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Hoffmann, R. A wiki for the life sciences where authorship matters. Nature Genetics (2008)
 
 
 
 
 

Ebf1 controls early cell differentiation in the embryonic striatum.

Ebf1/Olf-1 belongs to a small multigene family encoding closely related helix-loop-helix transcription factors, which have been proposed to play a role in neuronal differentiation. Here we show that Ebf1 controls cell differentiation in the murine embryonic striatum, where it is the only gene of the family to be expressed. Ebf1 targeted disruption affects postmitotic cells that leave the subventricular zone (SVZ) en route to the mantle: they appear to be unable to downregulate genes normally restricted to the SVZ or to activate some mantle-specific genes. These downstream genes encode a variety of regulatory proteins including transcription factors and proteins involved in retinoid signalling as well as adhesion/guidance molecules. These early defects in the SVZ/mantle transition are followed by an increase in cell death, a dramatic reduction in size of the postnatal striatum and defects in navigation and fasciculation of thalamocortical fibres travelling through the striatum. Our data therefore show that Ebf1 plays an essential role in the acquisition of mantle cell molecular identity in the developing striatum and provide information on the genetic hierarchies that govern neuronal differentiation in the ventral telencephalon.[1]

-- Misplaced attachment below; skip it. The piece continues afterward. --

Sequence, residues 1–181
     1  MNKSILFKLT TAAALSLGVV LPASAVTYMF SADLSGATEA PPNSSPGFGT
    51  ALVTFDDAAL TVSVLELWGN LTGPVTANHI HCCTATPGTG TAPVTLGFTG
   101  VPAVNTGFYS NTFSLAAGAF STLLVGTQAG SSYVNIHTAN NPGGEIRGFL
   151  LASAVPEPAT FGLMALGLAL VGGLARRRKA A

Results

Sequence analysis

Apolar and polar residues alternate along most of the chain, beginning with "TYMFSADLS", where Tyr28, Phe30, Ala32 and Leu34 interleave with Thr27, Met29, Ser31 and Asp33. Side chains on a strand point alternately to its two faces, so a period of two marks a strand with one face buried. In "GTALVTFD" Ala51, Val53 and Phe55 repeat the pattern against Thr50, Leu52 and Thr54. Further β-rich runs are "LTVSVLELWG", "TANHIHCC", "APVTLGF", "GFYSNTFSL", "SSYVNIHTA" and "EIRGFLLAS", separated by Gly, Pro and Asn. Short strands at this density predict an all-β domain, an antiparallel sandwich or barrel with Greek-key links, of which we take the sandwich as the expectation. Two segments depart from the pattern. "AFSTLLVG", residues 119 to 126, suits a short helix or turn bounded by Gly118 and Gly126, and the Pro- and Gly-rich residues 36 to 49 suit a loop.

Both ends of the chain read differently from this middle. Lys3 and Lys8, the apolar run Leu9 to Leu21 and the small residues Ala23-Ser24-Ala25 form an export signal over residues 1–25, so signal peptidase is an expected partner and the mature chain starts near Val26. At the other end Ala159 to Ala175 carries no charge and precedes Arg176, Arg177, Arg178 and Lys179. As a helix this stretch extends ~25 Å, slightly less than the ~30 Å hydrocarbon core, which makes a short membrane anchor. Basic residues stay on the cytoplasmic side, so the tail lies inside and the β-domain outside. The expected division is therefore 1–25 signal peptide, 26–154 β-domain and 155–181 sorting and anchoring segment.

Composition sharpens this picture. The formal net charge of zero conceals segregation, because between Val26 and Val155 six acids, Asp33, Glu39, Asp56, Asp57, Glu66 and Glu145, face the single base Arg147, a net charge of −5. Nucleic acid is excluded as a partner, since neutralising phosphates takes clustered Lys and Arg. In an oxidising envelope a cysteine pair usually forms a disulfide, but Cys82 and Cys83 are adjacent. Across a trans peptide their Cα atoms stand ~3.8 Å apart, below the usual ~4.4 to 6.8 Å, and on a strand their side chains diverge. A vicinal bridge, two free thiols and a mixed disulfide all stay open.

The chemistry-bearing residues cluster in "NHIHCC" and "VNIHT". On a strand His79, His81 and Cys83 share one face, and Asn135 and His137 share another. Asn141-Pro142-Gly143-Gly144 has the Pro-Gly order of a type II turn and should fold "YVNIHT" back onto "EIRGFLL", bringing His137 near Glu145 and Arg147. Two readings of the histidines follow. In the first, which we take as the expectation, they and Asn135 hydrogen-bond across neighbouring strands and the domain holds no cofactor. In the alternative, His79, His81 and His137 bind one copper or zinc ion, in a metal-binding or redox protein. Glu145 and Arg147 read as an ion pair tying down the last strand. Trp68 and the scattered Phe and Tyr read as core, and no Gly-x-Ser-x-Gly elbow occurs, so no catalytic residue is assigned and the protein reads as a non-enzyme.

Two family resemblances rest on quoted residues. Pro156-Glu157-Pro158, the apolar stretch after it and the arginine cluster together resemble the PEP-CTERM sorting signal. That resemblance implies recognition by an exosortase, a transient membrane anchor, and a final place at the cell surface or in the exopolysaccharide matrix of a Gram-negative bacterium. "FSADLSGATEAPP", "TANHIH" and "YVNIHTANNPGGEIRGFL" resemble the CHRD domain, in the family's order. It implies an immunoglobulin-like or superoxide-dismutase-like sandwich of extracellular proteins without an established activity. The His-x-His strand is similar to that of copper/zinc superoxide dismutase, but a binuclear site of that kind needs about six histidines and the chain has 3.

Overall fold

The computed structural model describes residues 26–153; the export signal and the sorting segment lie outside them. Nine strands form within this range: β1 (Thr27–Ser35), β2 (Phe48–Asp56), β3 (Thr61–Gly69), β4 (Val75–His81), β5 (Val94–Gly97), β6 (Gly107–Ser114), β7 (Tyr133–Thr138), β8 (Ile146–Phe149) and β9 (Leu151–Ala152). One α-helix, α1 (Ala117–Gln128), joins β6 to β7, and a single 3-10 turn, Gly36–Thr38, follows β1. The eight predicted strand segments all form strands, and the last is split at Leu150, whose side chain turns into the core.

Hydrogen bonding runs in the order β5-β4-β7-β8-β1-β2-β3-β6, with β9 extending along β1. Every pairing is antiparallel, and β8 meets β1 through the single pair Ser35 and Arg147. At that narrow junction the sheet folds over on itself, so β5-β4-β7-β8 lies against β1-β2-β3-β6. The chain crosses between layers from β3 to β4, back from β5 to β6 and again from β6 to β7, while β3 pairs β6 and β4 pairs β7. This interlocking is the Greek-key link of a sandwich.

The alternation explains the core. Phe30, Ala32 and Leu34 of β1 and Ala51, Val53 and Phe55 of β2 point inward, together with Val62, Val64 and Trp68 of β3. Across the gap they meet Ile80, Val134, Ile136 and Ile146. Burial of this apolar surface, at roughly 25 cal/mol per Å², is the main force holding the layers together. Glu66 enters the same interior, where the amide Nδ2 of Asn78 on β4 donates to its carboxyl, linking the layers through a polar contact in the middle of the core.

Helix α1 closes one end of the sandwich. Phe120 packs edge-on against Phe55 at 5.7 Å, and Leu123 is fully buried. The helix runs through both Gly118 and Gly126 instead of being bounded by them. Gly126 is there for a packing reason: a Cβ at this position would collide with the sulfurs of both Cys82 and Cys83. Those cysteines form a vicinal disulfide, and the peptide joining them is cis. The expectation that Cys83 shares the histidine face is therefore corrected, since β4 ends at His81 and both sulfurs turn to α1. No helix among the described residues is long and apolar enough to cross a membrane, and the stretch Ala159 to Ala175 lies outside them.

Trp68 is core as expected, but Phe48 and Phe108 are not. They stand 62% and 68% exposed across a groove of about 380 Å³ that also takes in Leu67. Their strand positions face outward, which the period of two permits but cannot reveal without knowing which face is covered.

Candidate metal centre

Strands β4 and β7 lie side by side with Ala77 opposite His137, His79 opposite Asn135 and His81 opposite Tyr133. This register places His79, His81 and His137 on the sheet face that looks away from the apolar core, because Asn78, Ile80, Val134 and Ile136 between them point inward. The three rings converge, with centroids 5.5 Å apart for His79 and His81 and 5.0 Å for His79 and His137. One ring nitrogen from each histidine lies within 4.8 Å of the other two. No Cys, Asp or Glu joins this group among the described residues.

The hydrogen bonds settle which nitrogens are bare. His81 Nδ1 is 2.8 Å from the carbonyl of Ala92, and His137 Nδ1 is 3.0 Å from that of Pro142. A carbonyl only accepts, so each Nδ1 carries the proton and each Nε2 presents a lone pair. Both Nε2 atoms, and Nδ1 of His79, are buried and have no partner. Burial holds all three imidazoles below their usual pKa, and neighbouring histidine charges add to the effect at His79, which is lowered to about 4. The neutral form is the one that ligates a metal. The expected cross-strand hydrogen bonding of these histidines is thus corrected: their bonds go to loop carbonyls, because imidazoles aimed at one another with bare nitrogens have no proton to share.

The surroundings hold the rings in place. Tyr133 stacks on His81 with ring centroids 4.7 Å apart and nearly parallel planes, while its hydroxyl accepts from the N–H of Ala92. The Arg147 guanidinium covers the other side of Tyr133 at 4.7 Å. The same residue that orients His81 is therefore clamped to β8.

References

  1. Ebf1 controls early cell differentiation in the embryonic striatum. Garel, S., Marín, F., Grosschedl, R., Charnay, P. Development (1999) [Pubmed]
 
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